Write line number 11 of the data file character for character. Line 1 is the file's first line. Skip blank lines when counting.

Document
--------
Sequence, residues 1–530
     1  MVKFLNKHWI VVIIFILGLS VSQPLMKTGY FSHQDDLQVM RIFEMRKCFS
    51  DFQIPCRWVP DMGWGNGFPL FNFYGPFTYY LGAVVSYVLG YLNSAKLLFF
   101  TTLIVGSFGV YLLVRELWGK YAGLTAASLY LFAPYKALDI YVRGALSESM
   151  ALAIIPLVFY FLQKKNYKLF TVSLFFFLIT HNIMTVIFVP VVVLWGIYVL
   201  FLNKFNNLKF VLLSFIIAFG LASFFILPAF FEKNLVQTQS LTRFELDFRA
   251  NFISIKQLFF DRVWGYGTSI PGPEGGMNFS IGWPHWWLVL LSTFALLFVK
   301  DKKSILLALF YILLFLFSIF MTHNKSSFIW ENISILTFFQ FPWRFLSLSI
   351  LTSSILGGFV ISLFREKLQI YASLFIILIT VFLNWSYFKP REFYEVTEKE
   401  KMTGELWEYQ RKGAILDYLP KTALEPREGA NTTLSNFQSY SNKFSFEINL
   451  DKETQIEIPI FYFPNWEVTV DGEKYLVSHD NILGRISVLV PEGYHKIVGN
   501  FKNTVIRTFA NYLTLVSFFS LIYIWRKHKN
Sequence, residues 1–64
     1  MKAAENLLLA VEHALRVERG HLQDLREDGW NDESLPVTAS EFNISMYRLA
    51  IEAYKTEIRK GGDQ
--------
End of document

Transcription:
   451  DKETQIEIPI FYFPNWEVTV DGEKYLVSHD NILGRISVLV PEGYHKIVGN